The Merriam-Webster dictionary defines anatomy as “a separating or dividing into parts for detailed examination” and scandal as “a circumstance or action that offends propriety or established moral conceptions or disgraces those associated with it,” which makes Anatomy of a Scandal pretty much the perfect title for Sarah Vaughan latest novel.
Readers have seen an influx of novels focused on women forced to confront the inadequacies of their husbands after allegations of sexual harassment or worse. Many of these novels have similar touchstones, as one would expect, but fortunately each of them tackles the subject matter from unique angles.
In Anatomy of a Scandal, James Whitehouse is a prominent member of Britain’s Parliament. He has a happy marriage with his wife Sophie, a long-standing friendship with the current Prime Minister, and a hopeful career trajectory – until a rape accusation threatens to strip him of it all.
Kate Woodcroft is the attorney tasked with proving these allegations against James. She specializes in cases of a sexual nature and while occasionally disillusioned with the court system, she stands beside her victims and does everything she can to minimize additional trauma when prosecuting these cases.
The fact that James admits to having an affair with his accuser adds an additional and timely element to this story. Abuse of power is something that society is finally taking an active look at and books like this allow readers to explore the topic from a safe distance.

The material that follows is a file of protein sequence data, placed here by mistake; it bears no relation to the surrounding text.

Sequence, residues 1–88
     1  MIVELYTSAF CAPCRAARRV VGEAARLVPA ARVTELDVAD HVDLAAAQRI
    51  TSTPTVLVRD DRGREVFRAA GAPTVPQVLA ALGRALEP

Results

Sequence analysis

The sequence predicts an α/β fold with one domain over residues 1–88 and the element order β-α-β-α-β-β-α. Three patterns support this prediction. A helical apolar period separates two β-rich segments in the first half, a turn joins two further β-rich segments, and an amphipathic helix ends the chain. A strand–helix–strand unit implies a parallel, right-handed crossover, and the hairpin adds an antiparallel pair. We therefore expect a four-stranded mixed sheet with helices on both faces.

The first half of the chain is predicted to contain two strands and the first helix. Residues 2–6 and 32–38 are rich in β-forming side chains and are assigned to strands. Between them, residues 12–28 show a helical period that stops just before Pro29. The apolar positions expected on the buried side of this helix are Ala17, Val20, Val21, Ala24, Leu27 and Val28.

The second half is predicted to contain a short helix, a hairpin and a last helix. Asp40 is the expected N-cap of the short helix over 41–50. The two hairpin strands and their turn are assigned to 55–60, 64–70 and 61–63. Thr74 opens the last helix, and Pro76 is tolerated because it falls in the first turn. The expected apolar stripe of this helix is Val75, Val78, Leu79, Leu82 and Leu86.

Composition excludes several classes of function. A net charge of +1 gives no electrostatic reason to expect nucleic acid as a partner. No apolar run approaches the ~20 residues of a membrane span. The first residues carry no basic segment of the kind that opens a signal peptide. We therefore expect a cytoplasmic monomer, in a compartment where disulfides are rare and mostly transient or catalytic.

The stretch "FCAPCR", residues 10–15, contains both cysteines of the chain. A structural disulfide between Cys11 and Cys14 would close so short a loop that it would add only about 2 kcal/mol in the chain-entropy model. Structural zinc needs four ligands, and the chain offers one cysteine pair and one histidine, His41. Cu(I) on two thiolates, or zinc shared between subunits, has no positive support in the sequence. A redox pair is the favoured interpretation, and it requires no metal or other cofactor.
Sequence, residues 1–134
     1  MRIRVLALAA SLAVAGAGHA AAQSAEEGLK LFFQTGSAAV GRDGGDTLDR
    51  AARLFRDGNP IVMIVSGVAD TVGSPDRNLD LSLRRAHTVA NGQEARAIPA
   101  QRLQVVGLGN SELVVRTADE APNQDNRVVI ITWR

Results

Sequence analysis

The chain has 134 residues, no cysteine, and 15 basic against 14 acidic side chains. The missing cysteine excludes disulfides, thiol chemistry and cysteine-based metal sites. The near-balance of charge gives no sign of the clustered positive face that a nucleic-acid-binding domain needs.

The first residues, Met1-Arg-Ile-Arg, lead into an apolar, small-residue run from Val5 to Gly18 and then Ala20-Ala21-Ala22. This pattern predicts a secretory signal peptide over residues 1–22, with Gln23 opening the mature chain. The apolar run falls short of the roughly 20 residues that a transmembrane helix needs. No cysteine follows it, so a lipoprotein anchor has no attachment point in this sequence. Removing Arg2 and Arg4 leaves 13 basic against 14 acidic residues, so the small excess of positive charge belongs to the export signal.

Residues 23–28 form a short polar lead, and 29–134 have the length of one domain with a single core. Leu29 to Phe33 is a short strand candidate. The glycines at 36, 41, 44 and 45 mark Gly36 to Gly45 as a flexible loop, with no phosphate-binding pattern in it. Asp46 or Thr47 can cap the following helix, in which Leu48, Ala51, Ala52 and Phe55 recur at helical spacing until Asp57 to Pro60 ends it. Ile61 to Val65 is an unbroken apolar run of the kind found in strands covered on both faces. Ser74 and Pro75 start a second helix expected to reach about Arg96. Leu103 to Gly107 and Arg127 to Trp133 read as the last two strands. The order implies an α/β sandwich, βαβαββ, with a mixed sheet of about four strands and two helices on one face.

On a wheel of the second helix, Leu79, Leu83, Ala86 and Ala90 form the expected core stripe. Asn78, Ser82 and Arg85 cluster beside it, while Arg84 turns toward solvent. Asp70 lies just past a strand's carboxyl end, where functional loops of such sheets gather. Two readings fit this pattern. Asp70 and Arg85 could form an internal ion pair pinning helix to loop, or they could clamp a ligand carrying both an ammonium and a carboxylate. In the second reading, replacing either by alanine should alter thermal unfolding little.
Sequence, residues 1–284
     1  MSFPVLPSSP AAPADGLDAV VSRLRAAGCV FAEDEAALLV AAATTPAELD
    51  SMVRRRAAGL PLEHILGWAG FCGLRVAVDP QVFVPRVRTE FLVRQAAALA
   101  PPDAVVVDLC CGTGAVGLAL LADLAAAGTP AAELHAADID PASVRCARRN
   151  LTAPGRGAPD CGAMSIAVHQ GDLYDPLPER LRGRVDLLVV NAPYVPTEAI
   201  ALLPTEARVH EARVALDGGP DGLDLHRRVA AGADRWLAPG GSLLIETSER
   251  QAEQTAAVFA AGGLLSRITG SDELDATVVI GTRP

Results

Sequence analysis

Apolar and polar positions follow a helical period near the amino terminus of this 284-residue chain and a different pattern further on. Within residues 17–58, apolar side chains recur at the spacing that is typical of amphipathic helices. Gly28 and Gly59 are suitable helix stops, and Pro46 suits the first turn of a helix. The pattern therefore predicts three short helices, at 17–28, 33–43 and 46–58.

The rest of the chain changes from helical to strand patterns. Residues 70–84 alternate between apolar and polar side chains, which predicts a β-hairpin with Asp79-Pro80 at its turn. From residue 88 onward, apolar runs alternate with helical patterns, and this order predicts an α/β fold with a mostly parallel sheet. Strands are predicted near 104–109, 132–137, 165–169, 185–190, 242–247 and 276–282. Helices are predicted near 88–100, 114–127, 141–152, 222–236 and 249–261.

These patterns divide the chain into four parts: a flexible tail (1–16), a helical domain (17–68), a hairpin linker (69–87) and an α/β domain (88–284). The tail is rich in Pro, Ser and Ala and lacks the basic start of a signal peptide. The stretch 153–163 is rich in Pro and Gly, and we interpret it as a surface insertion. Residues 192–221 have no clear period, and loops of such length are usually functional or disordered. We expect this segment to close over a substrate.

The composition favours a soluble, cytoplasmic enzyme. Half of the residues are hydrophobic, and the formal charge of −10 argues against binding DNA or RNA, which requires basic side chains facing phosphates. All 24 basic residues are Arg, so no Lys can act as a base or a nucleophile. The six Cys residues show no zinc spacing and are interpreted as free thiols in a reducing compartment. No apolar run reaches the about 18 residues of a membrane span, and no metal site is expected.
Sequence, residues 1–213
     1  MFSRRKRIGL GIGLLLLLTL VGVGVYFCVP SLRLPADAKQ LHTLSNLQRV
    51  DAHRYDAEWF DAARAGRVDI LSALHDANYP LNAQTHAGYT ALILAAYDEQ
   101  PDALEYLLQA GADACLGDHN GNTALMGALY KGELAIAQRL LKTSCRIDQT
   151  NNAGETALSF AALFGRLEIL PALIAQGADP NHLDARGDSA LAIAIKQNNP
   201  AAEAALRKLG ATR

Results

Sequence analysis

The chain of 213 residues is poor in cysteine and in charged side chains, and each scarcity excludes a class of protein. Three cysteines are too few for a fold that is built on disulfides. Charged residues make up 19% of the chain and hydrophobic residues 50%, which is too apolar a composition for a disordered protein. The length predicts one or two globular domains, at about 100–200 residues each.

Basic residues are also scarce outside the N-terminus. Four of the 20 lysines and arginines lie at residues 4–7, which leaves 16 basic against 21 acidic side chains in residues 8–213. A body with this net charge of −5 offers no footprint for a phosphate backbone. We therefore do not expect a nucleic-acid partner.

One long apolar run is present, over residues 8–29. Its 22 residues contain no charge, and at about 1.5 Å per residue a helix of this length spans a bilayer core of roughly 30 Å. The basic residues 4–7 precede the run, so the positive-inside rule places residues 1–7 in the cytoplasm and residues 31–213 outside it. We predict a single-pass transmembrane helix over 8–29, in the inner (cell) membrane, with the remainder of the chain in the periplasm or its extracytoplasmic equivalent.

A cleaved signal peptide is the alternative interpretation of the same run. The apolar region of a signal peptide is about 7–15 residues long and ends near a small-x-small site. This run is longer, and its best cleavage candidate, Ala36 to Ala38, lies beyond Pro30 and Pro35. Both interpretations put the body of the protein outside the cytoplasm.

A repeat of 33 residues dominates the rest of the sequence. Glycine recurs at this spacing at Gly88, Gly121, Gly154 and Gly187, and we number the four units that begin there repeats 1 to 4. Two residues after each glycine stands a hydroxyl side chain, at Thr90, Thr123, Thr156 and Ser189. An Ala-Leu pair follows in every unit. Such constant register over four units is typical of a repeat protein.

The courtroom scenes are gripping and flow perfectly into the flashbacks, which document James’ youthful days at Eton and Oxford. This fleshing out of the backstory makes for an interesting way to explore a potential pattern of behavior. With chapters from Sophie’s point of view, the Whitehouse marriage is examined; so in the end a complete detailed blueprint analysis of James is revealed to the reader.
As readers have seen in many of the books on this subject matter, making sure the cases at hand are not clear-cut and obvious creates dramatic interest. Sarah Vaughan takes a similar tack. There may be a few machinations that stretch credibility in this tale, but the skill of the author to maintain a heightened sense of tension and suspense cannot be denied. Vaughan should also be commended for not taking the easy road out of this man’s complicated history.
Novels such as Anatomy of a Scandal were being written long before the #metoo and #timesup movements came into full swing, so readers can expect to see many additional works that examine this particular topic in the coming years. Hopefully most of this work – like Sarah Vaughan’s – will be nuanced, so that the discussions generated can aim at informing and bettering our society. The first step to solving a problem is admitting there is a problem in the first place.
Disclaimer: A print galley of this title was provided to BOLO Books by the publisher. No review was promised and the above is an unbiased review of the novel.